Crowds of eagerly rowdy college students and families filed outside of the Templeton-Blackburn Memorial Auditorium as they waited for their chance to burst in and take their places in the rock-and-roll-infused extravaganza.
An enthusiastic roadie was seen playing wall ball in an alleyway against the wall, waiting for the band to go on. I heard a group of college students singing in unison, “Goo Goo Dolls! Goo Goo Dolls!” confirming that they were, in fact, waiting to see the popular band from Buffalo, New York with the same name.
As I pushed my way through the doors and found my designated seat (that I did not sit in, since rock n’ roll requires no lounging around), I overheard several women swooning over lead singer John Rzeznik. One woman who was near the front of the stage even turned towards the hungry audience and excitedly threw her arms in the air several times and hurrah'ed to get the rest of us even more riled up than we already were, all the while managing to form her hands into rockin’ devil horns. The amount of energy and suspense was fantastic; it was possible to even smell the musty fumes of sweat as fans jumped up and down, prepping for what was bound to be a rock show of epic proportions.
The opening act, Kingsfoil, brought the atmosphere’s energy level on overdrive and they even had a free t-shirt giveaway on Twitter. A group of rowdy dudes next to me started swaying and dancing to the music, their baseball caps falling into their eyes from the immense force of their un-choreographed movements. When Kingsfoil left the stage it grew black and a new backdrop emerged from the previous one. The high-pitched screaming indicated that it was time for the Goo Goos to take the stage.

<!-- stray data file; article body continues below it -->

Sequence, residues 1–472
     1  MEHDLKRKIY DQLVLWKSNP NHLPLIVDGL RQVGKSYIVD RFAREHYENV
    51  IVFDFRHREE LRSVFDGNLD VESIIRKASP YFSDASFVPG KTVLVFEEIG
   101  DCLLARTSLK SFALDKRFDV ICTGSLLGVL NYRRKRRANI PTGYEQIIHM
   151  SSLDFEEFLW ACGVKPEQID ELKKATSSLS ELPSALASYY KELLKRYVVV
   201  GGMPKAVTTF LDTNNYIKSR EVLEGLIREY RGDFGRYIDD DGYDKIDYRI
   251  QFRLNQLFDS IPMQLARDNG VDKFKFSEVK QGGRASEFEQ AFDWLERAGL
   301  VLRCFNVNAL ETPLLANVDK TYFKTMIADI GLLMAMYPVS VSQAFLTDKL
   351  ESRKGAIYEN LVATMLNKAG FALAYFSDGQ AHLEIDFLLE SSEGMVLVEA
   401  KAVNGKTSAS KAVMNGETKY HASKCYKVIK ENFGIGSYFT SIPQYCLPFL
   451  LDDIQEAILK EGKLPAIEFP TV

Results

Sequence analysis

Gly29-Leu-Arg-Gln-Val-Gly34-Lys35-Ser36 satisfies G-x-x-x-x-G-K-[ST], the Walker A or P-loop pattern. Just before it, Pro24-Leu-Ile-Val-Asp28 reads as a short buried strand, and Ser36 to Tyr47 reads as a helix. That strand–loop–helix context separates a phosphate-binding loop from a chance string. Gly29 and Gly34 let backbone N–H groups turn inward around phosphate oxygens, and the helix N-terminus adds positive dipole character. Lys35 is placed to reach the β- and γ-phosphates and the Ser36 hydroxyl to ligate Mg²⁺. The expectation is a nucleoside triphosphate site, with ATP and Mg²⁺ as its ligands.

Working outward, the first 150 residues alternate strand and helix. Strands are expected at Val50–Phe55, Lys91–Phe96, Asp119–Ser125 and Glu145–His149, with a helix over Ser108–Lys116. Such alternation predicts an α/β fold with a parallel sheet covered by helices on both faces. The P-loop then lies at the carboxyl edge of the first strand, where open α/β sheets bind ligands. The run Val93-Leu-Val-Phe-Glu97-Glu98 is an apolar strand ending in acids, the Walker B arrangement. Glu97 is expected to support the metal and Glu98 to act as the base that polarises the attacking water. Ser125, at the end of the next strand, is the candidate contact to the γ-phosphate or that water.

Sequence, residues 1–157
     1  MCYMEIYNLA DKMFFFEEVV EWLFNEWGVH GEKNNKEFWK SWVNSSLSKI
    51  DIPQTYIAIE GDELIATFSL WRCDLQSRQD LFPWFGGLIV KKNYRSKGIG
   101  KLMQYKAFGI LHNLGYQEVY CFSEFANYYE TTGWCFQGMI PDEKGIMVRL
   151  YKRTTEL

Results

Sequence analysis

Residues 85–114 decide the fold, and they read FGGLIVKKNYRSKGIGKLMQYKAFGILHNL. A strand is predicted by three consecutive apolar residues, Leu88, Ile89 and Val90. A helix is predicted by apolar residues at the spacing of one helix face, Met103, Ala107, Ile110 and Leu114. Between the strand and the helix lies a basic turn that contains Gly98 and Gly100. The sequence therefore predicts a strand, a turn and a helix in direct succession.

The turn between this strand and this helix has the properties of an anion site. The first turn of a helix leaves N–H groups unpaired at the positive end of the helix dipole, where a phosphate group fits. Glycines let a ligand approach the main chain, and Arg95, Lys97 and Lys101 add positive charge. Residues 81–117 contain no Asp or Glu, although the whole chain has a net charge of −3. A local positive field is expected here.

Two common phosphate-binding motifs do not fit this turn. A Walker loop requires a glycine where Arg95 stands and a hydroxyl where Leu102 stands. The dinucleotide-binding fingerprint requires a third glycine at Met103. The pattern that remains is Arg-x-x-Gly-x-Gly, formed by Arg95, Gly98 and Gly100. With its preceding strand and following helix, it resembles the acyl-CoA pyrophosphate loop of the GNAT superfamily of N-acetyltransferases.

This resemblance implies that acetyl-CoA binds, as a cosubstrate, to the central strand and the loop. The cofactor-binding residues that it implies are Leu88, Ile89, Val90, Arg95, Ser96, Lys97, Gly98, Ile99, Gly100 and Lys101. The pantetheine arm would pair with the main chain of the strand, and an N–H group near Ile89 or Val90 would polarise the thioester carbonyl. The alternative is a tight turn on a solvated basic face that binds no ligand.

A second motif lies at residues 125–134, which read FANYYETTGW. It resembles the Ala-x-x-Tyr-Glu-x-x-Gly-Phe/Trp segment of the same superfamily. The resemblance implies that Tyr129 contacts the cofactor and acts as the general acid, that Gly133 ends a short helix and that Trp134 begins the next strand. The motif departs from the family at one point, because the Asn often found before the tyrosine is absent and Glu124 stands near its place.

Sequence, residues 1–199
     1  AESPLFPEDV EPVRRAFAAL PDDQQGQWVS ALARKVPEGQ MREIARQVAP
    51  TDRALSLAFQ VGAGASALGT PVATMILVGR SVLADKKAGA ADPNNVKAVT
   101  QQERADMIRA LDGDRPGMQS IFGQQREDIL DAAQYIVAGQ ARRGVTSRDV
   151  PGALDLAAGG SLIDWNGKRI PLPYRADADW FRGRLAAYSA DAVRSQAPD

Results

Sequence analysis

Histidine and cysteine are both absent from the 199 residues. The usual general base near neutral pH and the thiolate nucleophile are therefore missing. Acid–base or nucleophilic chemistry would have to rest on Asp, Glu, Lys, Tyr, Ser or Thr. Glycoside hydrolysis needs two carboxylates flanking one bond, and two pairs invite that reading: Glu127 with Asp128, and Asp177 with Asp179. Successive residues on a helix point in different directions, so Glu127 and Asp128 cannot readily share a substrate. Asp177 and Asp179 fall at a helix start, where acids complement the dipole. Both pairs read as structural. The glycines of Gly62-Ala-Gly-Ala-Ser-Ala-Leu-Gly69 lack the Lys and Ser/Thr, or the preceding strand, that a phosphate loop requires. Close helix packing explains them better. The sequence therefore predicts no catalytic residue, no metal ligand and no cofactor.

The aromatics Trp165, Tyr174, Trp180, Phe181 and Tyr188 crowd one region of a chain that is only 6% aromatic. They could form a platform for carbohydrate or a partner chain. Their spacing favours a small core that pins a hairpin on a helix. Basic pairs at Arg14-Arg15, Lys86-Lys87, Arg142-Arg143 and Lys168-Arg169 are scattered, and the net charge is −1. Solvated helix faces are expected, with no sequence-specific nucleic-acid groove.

Strobe lights, fog and killer acoustics were all part of the Doll’s impressive set. Rzeznik even called out a couple in the front row. The woman’s boyfriend seemed uninterested in the show and Rzeznik was able to get him initiated into Goo Goo-dom through the use of witty banter and his amazing lead singer sass. The show was fantastic, and the gang played famous songs such as “Slide” and “Better Days” as well as songs featuring vocal performances from bassist Robby Takac. Much to my dismay, I left for the restroom during the middle of their set and as a result, missed the first forty or so seconds of “Iris” (at least I was able to run back to my seat for the majority of the song).
When "Iris" ended, the band thanked Athens and exited stage left, I turned to my friend Morgan and shook my head at her since I had a premonition that the Dolls were not going to be gone for long and would need to return for the audience’s demand of an encore. My precognition was indeed correct, and the Dolls with their perceived trickery, came back onstage and, to the audience’s approval, played about five more power-driven ballads.
The Goo Goo Dolls really made their exit right after their encore and as soon as they exited for good, swarms of fans grabbed their personal belongings dangling from the untouched chairs behind them and scurried out of the auditorium. On my way out I spotted college students and families alike, proudly donning Goo Goo Dolls merch. The appreciation and overall energy of the Goo Goo Dolls’ “friends” (as Rzeznik called his fans) were part of the reason why this show was undoubtedly a major highlight in Athens history.
--Capril Ciulla, Staff Writer